This is a very interesting question because all the doctors in Spain and in England who I have been speaking to—because I’ve been working mostly in Spain for the last 15 years in medicine, but I’ve also been connected with England for many years and more recently even more—are intrigued by what is happening in Russia and in medical profession. Nobody knows what is happening in the Russian medical profession. Doctors come up to me and say: “Oh, we might see one Russian at the conference, but he or she doesn’t say anything, doesn’t participate, doesn’t ask any questions. They don’t present, and we don’t know any papers published by Russian doctors or Russian researchers.”

So, they want to know. There is an enormous desire to know what is happening in Russia. And my belief is that for 80 years Russia was completely isolated scientifically from the world. This doesn’t mean to say that the science and medicine in Russia is not of a high standard; quite the contrary, because I think it is of a very high standard of quality. But the West doesn’t know what is happening in Russia as a whole and, more specifically, in medicine. And so, I think it is beneficial for both Russian medical professionals and their western counterparts to exchange ideas and learn from each other. I think that it was the great Nelson Mandela who said that “Education is the most powerful weapon which you can use to change the world.” This is true, and knowledge of other cultures and other working cultures is the best form of education; you need to learn from the “other.” So, I would cite this as another of my great aims in the Academic Writing Office, and also on a personal basis, because I think it is extremely interesting. And I will give you an example. Just two days ago, we had a master-class on academic writing for pharmacists and medical students. We also held a video conference with the heads of an important teaching hospital in Spain. During this conference, I tweeted an image of the international video conference, and two or three hours later I had a tweet from the head of medical education in the North of England saying “We want to participate in these exchanges and video-conference because we believe that we want to know what Russians are doing, what the Spanish in Mallorca are doing, we want to exchange knowledge and ideas.” So, yes—it’s really important, and there is the proof. We want to build bridges between countries, between professionals and ideas. A big task but NOT impossible.

Please just a few words about your project called Medical Humanities. I know that you’re the President of the Medical Humanities Association of Mallorca.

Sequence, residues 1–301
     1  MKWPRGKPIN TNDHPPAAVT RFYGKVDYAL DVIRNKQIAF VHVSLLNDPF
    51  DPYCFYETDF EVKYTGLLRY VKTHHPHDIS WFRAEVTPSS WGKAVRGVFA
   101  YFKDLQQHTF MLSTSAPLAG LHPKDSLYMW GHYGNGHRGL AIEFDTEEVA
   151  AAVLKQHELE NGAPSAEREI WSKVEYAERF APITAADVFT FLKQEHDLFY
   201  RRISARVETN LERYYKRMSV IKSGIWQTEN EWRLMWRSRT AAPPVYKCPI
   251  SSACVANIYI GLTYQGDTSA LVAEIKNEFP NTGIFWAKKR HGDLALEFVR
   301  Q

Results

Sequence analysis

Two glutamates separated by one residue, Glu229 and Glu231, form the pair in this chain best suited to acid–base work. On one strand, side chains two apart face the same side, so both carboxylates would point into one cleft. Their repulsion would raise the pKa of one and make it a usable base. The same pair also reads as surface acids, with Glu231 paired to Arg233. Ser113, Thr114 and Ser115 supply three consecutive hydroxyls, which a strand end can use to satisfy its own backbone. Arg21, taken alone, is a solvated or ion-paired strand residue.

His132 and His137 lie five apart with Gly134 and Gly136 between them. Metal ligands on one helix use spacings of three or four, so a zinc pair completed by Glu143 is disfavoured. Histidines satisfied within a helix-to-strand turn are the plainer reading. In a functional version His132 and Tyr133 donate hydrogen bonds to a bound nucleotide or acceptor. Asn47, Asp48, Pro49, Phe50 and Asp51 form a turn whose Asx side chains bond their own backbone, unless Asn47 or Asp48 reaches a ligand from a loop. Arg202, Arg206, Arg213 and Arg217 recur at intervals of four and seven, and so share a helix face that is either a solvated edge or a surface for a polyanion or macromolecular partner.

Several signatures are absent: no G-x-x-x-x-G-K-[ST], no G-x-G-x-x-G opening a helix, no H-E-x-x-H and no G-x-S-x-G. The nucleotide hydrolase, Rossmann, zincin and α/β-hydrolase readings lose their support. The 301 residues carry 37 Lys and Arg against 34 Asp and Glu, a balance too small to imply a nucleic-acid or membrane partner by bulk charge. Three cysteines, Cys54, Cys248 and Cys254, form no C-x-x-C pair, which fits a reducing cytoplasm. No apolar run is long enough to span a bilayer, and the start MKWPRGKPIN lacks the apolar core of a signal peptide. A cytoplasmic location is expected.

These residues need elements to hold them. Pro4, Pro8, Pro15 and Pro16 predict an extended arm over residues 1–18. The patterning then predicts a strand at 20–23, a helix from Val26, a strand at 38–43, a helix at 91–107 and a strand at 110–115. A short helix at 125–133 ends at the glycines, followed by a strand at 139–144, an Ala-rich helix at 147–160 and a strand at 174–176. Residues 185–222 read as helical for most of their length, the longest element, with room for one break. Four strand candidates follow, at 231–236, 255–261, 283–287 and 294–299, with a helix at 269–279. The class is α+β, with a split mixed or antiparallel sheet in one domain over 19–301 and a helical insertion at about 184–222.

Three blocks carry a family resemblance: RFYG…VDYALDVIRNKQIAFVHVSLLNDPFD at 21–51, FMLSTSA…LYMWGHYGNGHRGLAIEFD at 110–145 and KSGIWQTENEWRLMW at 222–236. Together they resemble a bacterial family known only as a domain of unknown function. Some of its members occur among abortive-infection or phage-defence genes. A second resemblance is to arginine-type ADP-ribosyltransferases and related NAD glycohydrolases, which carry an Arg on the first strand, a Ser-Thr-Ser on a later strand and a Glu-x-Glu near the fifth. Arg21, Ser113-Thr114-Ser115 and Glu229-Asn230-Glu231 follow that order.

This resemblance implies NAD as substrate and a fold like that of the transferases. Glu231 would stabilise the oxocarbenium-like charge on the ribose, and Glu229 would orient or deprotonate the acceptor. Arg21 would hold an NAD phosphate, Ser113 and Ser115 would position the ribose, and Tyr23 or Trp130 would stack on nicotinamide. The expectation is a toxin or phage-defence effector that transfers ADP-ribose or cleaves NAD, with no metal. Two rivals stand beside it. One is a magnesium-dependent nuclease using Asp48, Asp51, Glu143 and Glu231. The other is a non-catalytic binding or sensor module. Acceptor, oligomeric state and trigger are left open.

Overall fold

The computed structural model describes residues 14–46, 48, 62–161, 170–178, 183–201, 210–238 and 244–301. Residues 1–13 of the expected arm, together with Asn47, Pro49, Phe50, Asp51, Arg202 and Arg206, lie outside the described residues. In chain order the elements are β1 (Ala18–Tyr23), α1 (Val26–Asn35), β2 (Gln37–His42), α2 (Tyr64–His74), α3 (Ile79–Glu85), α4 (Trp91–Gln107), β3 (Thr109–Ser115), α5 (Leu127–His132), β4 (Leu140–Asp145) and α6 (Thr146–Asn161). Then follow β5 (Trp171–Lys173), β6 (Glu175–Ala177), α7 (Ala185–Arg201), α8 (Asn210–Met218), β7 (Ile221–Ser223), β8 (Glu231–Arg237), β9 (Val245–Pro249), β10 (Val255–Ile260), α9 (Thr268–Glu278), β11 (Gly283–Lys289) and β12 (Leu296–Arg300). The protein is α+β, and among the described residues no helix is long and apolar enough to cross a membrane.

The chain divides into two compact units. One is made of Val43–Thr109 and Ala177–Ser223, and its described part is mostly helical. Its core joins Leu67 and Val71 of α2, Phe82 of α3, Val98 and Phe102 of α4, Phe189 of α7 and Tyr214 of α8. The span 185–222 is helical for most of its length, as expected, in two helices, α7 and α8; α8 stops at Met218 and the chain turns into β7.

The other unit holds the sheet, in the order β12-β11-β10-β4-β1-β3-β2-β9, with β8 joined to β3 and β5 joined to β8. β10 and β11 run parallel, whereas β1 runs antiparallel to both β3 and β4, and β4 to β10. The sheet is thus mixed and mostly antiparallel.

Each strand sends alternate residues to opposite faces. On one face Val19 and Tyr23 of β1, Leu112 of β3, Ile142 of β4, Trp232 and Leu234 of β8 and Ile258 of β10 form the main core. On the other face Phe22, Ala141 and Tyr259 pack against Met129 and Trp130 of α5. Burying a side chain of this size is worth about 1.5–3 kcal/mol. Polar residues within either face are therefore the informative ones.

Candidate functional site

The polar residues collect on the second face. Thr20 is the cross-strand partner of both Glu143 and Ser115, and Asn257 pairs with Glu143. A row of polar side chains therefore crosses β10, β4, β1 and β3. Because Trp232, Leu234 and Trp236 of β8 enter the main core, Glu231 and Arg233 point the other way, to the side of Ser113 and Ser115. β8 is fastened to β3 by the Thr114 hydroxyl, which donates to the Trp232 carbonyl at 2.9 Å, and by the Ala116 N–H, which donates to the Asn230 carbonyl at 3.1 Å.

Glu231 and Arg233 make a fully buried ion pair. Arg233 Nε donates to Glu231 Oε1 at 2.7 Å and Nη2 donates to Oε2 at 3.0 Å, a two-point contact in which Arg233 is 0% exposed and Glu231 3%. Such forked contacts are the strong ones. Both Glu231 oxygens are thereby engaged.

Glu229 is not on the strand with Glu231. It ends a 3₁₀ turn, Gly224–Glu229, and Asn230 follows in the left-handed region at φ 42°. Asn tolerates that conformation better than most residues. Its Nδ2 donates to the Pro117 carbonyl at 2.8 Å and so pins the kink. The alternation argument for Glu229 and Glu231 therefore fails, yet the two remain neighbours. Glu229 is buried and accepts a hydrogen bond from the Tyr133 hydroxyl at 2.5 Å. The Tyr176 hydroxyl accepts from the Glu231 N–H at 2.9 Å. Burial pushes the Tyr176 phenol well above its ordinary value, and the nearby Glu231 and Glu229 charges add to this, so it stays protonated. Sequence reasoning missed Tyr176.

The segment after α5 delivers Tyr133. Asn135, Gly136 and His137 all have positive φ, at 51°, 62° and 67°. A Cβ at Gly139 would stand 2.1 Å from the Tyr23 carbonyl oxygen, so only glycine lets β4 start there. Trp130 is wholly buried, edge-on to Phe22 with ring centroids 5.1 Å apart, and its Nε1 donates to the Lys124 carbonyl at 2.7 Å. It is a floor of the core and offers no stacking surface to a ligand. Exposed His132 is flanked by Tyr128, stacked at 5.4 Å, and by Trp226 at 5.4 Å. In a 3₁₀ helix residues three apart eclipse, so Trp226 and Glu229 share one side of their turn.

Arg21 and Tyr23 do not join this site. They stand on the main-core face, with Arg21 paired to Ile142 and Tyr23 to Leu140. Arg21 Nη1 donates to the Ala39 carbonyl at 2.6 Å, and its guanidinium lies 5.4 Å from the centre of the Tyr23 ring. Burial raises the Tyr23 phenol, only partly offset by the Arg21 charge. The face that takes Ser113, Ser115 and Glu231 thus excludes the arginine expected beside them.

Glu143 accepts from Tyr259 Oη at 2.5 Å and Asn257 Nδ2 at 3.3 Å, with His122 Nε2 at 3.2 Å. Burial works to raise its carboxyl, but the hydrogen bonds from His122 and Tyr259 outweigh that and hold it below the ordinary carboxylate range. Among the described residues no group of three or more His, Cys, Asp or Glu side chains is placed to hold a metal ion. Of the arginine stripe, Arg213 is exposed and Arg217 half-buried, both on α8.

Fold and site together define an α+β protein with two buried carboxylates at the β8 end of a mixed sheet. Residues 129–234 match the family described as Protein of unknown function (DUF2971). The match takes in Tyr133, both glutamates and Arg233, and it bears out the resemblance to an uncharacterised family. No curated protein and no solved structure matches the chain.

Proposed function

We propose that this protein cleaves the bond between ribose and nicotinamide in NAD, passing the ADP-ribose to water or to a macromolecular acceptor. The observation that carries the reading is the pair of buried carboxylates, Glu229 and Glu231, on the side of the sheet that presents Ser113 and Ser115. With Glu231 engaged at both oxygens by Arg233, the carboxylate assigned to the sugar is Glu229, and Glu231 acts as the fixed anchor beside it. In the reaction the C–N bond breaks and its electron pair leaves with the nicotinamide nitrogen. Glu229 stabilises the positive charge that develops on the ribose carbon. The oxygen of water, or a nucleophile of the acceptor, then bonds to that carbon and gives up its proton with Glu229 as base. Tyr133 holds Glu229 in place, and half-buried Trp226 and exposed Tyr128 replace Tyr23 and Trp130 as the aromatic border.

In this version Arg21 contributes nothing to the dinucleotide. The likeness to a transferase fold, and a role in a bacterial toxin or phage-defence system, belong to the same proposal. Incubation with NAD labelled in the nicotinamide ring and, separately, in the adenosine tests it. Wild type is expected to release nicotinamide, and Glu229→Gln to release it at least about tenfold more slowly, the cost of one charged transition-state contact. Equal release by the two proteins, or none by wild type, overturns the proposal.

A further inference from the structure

Yes, this is completely true. For the last 10–15 years I have been extremely interested in the Medical Humanities. Why? Because I’m not medically trained but I have a deep desire and deep love of medicine, but am basically ‘humanistically’ trained, whatever that means. And Medical Humanities joins the two. There is a very interesting article by Professor Brian Hurwitz from King’s College, London, called What’s a good doctor? and the subtitle is By marrying the applied scientist to the medical humanist. So, for me this has been something that I’ve been very interested in for many years. And more recently, I proposed an idea to try to exchange and introduce Medical Humanities as a project to medical students in different European universities, starting with Sechenov Medical University. So, this was the principal idea that we have started with Sechenov Medical University in Russia and introduced into different universities—Pompeu Fabra University in Barcelona, Queen’s University in Belfast, etc., etc. And we are going to introduce literary texts to the students so they can reflect on how they might improve, or change, their vision of medicine, how this might affect their treatment of patients, how this might make them reflect on their daily work in the hospital, how this might help them reflect on what medicine really means. Medicine is not only about treatment; medicine is about trying to help the patient, medicine is much more than just looking at the patient as a clinical case. Medical Humanities is an enormous field that, I think, is really needed now because there is a tendency for over-technicalization, for dehumanization. Introducing the Humanities into medicine is a way of rehumanizing the medical profession. Perhaps this is a good moment because now the medical profession and medical education have become more feminized, meaning that, 50–60 years ago, 80% of the medical students were men, and 20% were women. And now it’s the opposite. Maybe brining in the humanistic side, and linking it to this demographic change will give us more hope for the future.

What is your favorite book? Who is your favorite author?